Bill calls for better emergency alerts

Rep. Carolyn Maloney (D-N.Y.) introduced a bill June 19 that would make sure there are adequate warning systems using the newest technology to rapidly notify the public in event of a terrorist attack.

Although air sirens, television and radio can be used for emergency warnings, Maloney said federal officials must develop a plan to make sure that all forms of communication are tapped in event of a disaster.

Maloney's bill — the Emergency Warning Act of 2003 — calls on the federal government to develop warning systems to use "in the most comprehensive manner possible when a disaster occurs."

In a letter to Tom Ridge, secretary of the Homeland Security Department, Maloney said DHS must better use text messaging and other satellite technologies during national emergencies.

"Since text messaging technology is already available, DHS should consider establishing a uniform method of communicating with people who may be in transit, outdoors, or otherwise out of contact with traditional communications systems during a national disasters," Maloney said.

DHS is investigating what kind of alerts to develop and is expected to seek funding in its fiscal 2005 budget to get alert networks off the ground.

Maloney said it is essential to make sure there is not another communications snafu like the one that occurred on Sept. 11, 2001, when many telephones would not work and there was no uniform way to tell the public what to do following the terrorist attacks on the World Trade Center, Pentagon and United Airlines Flight 93.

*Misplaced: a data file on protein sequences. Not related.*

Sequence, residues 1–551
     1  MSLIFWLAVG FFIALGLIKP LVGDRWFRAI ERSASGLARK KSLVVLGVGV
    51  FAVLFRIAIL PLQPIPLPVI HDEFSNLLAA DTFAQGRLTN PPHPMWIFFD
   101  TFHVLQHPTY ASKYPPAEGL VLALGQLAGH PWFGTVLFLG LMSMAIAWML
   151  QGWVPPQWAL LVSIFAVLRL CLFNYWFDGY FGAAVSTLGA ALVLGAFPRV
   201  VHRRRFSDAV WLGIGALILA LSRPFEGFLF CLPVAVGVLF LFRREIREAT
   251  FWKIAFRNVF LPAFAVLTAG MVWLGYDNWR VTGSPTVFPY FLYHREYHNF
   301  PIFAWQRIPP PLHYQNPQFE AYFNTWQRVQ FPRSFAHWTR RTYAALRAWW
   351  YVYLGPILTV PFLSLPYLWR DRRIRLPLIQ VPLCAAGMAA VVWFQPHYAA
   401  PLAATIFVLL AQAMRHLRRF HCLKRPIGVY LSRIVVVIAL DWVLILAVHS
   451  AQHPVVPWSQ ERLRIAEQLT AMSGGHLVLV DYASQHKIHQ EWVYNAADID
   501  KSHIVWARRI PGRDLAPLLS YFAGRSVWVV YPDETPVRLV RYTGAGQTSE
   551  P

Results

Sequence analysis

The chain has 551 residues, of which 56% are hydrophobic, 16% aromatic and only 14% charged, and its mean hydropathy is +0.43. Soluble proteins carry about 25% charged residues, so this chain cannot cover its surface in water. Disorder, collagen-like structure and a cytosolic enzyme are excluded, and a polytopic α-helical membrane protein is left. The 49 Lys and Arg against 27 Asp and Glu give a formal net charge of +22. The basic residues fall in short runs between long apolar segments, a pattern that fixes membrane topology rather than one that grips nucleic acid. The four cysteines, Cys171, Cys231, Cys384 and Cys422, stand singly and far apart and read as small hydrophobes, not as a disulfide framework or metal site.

"New York City has firsthand knowledge of the devastation that can occur when the people who are at the center of a disaster cannot receive communications about what actions they should take to protect themselves," Maloney said. "This legislation will ensure that as many lives as possible will be saved in future disasters."


  • Veterans Affairs
    Blue Signage and logo of the U.S. Department of Veterans Affairs

    VA health record go-live pushed back to July

    The Department of Veterans Affairs is delaying a planned initial deployment of its $16 billion electronic health record project by four months, but is promising added functionality at the go-live date.

  • Workforce
    The Pentagon (Photo by Ivan Cholakov / Shutterstock)

    Esper says he didn't seek the authority to gut DOD unions

    Defense Secretary Mark Esper told lawmakers he was waiting for a staff analysis of a recent presidential memo before deciding whether to leverage new authority.

Stay Connected


Sign up for our newsletter.

I agree to this site's Privacy Policy.